Nate Silver (The Signal and the Noise: Why So Many Predictions Fail—But Some Don't)
Miley Cyrus made some chinky eyes Standing behind an Asian guy I don’t know if this should fly As if there wasn’t enough to despise I wasn’t necessarily a fan of Her, her dad, or Hannah Montana I tend to prefer the songs of Rihanna Racism against Asians is simply bananas! Oh Miley! Chinky eyes make you look wily prejudice isn’t thought of so highly it doesn’t make us all smiley Why is there nothing that Asians can do? To make fun of other races as easily as you Why isn’t racism against Asians taboo? Why are we always so racially screwed! All you have to do is pull at your face To make your eyelids resemble our race This kind of joke has no proper place Miley Cyrus is a disgrace!
Margaret Cho
There are spiders living comfortably in my house while the wind howls outside. They aren't bothering anybody. If I were a fly, I'd have second thoughts, but I'm not, so I don't.
Richard Brautigan (Tokyo-Montana Express)
Taylor clapped her hands three times for attention. "Ladies! Ladies! My stars! That's enough. Now. We all know Miss Arkansas's girls are fake, miss Ohio's easier than making cereal, and Miss Montana's dress is something my blind meemaw would wear to bingo night. And Miss New Mexico -- aren't you from the chill-out state? Maybe you can channel up some new-age-Whole-Foods-incense calm right about now, because we have a big job ahead called staying alive.
Libba Bray (Beauty Queens)
Montana should come with a surgeon general warning that it's addictive. The sky is big and blue, and the air is always fresh and crisp and scented with pine. There's a frontier spirit, but also a calmness, beauty in the landscape that slows your pulse.
Robin Bielman (Keeping Mr. Right Now (Kisses in the Sand, #1))
There was something dead in my heart. I tried to figure out what it was by the strength of the smell. I knew that it was not a lion or a sheep or a dog. Using logical deduction, I came to the conclusion that it was a mouse. I had a dead mouse in my heart.
Richard Brautigan (Tokyo-Montana Express)
Autumn has come to northeast Montana. The vapor of one’s breath, the clarity of the stars, the smell of wood smoke, the stones underfoot that even a full day of sunlight won’t warm- these all say there will be no more days that can be mistaken for summer.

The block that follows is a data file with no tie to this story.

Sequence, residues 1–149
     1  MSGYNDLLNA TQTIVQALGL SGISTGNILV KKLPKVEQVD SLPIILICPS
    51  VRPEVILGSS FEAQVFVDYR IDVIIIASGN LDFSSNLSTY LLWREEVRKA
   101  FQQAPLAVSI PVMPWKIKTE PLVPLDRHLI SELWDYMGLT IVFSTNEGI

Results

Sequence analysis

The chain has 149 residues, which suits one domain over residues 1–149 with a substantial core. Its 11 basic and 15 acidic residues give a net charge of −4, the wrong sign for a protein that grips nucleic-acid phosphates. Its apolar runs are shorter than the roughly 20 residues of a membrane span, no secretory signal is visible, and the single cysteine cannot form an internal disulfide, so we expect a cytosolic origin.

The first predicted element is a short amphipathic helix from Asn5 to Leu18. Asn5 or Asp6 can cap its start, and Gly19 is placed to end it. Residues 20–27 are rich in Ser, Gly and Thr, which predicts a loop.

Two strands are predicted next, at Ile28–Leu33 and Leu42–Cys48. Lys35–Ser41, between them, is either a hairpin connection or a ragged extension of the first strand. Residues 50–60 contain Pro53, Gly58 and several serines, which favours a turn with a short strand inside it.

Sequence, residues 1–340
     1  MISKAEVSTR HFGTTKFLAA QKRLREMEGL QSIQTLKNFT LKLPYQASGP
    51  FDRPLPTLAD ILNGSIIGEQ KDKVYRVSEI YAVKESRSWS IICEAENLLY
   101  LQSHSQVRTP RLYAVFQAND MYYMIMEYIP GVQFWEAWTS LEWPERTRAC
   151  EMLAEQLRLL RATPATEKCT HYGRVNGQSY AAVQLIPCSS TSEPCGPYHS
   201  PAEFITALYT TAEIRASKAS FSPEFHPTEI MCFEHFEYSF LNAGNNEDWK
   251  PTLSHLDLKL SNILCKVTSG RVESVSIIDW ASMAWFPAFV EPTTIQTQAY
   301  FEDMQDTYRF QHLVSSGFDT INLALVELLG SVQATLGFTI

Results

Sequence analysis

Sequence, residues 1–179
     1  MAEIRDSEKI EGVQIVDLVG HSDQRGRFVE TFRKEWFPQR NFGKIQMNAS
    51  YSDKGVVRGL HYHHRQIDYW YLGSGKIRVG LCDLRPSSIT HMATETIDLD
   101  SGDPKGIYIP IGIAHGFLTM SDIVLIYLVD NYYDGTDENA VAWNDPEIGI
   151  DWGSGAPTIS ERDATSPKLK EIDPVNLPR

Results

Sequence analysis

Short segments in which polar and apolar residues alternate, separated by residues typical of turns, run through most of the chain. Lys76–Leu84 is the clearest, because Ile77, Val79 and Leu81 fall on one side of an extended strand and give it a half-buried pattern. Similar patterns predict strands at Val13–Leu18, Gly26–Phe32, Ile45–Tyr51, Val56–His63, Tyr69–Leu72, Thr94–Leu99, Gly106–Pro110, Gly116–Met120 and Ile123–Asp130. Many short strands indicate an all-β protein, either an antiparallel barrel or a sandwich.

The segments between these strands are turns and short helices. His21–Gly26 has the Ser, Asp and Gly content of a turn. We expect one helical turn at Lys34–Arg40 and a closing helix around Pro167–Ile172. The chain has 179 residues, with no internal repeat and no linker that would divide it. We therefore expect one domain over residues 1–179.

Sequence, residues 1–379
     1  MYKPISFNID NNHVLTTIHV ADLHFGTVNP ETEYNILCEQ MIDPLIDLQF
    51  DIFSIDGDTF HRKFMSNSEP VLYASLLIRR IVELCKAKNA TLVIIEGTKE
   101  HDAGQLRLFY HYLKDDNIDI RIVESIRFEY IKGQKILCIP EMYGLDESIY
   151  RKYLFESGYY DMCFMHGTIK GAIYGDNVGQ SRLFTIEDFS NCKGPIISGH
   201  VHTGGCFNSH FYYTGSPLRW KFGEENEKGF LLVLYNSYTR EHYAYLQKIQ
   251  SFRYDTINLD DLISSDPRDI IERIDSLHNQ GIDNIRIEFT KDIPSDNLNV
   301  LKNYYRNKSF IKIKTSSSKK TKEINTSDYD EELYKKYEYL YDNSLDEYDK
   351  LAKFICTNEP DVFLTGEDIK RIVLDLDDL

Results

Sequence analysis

Larry Watson (Let Him Go)
God, what is wrong with me? I've been watching too much Gossip Girl. Reading too many snarky books. Maybe I should listen to a bunch of Christian music or watch some Hannah Montana with Budge. I know, I'll view VeggieTales until the evil is purged out of me, and all the comes out of me is goodness, light, and songs about cucumbers.
Jenny B. Jones (I'm So Sure (The Charmed Life, #2))
Despite its reputation, Appalachia—especially northern Alabama and Georgia to southern Ohio—has far lower church attendance than the Midwest, parts of the Mountain West, and much of the space between Michigan and Montana. Oddly enough, we think we attend church more than we actually do. In a recent Gallup poll, Southerners and Midwesterners reported the highest rates of church attendance in the country. Yet actual church attendance is much lower in the South.
J.D. Vance (Hillbilly Elegy: A Memoir of a Family and Culture in Crisis)
Being dead didn't make Jack Mercy any less of a son of a bitch
Nora Roberts (Montana Sky)
Giving freaks a pass is the oldest tradition in Montana.
Thomas McGuane
Yeah? You want to do some other worldly hanky panky? She laughed and almost fell off the couch. "Hanky Panky?" "Don't knock it till you try it
Carrie Ann Ryan (Charmed Spirits (Holiday, Montana, #1))
There are not too many fables about man's misuse of sunflower seeds.
Richard Brautigan (Tokyo-Montana Express)
We're all on our own, aren't we? That's what it boils down to. We come into this world on our own- in Hawaii, as I did, or New York, or China, or Africa or Montana- and we leave it in the same way, on our own, wherever we happen to be at the time- in a plane, in our beds, in a car, in a space shuttle, or in a field of flowers. And between those times, we try to connect along the way with others who are also on their own. If we're lucky, we have a mother who reads to us. We have a teacher or two along the way who make us feel special. We have dogs who do the stupid dog tricks we teach them and who lie on our bed when we're not looking, because it smells like us, and so we pretend not to notice the paw prints on the bedspread. We have friends who lend us their favorite books. Maybe we have children, and grandchildren, and funny mailmen and eccentric great-aunts, and uncles who can pull pennies out of their ears. All of them teach us stuff. They teach us about combustion engines and the major products of Bolivia, and what poems are not boring, and how to be kind to each other, and how to laugh, and when the vigil is in our hands, and when we have to make the best of things even though it's hard sometimes. Looking back together, telling our stories to one another, we learn how to be on our own.